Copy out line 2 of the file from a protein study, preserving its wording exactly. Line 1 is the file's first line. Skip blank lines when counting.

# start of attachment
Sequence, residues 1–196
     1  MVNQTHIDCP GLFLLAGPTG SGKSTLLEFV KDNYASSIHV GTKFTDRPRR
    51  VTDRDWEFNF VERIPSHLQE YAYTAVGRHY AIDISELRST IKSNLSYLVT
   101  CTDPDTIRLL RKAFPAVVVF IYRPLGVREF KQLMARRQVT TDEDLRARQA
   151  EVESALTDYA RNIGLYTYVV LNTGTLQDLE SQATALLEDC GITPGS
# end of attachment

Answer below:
     1  MVNQTHIDCP GLFLLAGPTG SGKSTLLEFV KDNYASSIHV GTKFTDRPRR